LDAP much less topology/schema, design and tuning tools. The barren tooling landscape leaves
developers and data architects exposed enough to turn back to the RDBMS for immediate comfort.
This temporary gain is at the cost of long term data bottle necks or synchronization issues.</p>

<p>Regardless of which factor prevents most the uptake of LDAP, the fact remains: the
wrong decisions are being made more often than the right ones. It's a matter of time before
Directories are considered antiquated technologies unless they can accommodate modern needs.
Directories must be compelling enough for data architects and developers to decide to utilize
them for their strengths in theory and in practice.</p>

<h2><a name="LDAPRenaissance-Renovating%28LDAP%29Directoriesforthe21stCentury"></a>Renovating
(LDAP) Directories for the 21st Century</h2>

<p>Several factors are not under the immediate control of the LDAP community however
enough are to bring LDAP to the 21st century. First and foremost, LDAP tooling must improve.
We need tools to model LDAP directories properly for topology and schema. Designers should
be guided on how they can properly use more of the esoteric constructs to control the naming,
and hierarchy of the directory. There's more to directory design than just objectClasses and

<p>Secondly the protocol must expand LDAP to include standard mechanisms for declaring
triggers, stored procedures and views. These two aspects alone contribute to the vast majority
of reasons why relational databases store information best accessed from a directory. Allowing
these new constructs for a directory will enable virtualization, provisioning, referential
integrity, and server interaction with the external environment. Rather than only exposing
access to static information (white pages) the directory could be utilized to solve many more
problems confronting designers and developers in today's integration era. The Directory would
truly become the Swiss Army Knife(TM) of integration tools in the data architect's tool chest.</p>

<h2><a name="LDAPRenaissance-Conclusion%3ATheAimoftheApacheDirectoryProject"></a>Conclusion:
The Aim of the Apache Directory Project</h2>

<p>At the Apache Directory Project, there are two LDAP specific projects. The first
is a pure Java LDAP Server called Apache Directory Server (ApacheDS) which has been written
and certified by the Open Group for LDAPv3. It was started in reaction to the often brittle
code that was too hard to manage: the code was written in C and had preprocessor directives
strewn all over it for porting.</p>

<p>The other LDAP related project is called Apache Directory Studio. It is intended
to provide the missing LDAP tooling support in addition to Apache Directory Server specific
management utilities.</p>

<p>The general motives for forming the Apache Directory Project can be summarized with
the points below:</p>
	<li>Avoid low level compiled language for:
		<li>Reducing complexity, and increase productivity</li>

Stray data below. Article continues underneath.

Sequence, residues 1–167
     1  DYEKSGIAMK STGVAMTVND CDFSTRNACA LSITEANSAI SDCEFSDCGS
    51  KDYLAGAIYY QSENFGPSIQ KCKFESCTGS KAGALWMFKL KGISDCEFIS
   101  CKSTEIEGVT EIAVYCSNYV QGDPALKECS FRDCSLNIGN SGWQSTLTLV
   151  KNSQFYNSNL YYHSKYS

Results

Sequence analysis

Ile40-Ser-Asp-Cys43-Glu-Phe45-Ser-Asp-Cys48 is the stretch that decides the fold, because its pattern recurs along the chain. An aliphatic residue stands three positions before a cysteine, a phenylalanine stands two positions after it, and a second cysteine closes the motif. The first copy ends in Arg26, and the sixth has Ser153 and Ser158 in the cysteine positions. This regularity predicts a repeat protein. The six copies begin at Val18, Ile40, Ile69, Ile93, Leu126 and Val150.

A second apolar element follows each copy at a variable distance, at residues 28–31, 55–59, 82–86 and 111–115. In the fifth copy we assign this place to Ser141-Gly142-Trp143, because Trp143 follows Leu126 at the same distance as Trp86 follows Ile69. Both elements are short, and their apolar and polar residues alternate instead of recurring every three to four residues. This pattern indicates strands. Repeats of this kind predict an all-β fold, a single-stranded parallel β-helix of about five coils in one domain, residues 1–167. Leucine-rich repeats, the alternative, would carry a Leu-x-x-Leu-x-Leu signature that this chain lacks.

<li>Enabling portability to other platforms with minimal effort</li>
		<li>Attracting more contributors with most common language (Java)</li>
	<li>Devise a more flexible dynamic server designed for:
		<li>Protocol experimentation</li>
		<li>Hot plug-ability</li>
	<li>Experiment with and introduce new integration tier constructs for directories:
		<li>Stored Procedures</li>
	<li>Provide the missing tooling critical for:
		<li>LDAP Adoption (general for all LDAP servers)</li>
		<li>Increasing user comfort with LDAP</li>
		<li>Lessening the learning curve for those using LDAP</li>
	<li>Stimulate commercial vendors to adopt these new capabilities to remain competitive.</li>

<p>One of our aims is to induce thought in the LDAP community while stimulating its
growth through simple useful products. The more satisfied LDAP users are, the bigger the community
using and interested in LDAP. This is where simple intuitive tooling and a server come in
hand. More than that, these projects serve as an experimentation platform for devising new
constructs in the protocol and evaluating their utility without breaking with the existing
protocol. This is why certification is very important to us as we devise new constructs to
make LDAP much more useful to its users.</p>

<p>Ultimately we want to see changes appearing in the protocol standard which make LDAP
a more familiar hence appealing, and easier to use technology. With standards around these
new constructs interoperability could be achieved. Users will not be bound to a specific server.
We want to demonstrate the viability and profound effects of these new constructs in the protocol
through our example while stimulating commercial vendors to do the same to remain competitive.
It does not matter to us which LDAP server is used so long as the users' situation improves
with these new productive protocol features to make LDAP serve its intended purpose and go
beyond. We strive, in this way, to increase LDAP awareness, comfort and adoption to bring
forth what we call the Modern LDAP Renaissance.</p>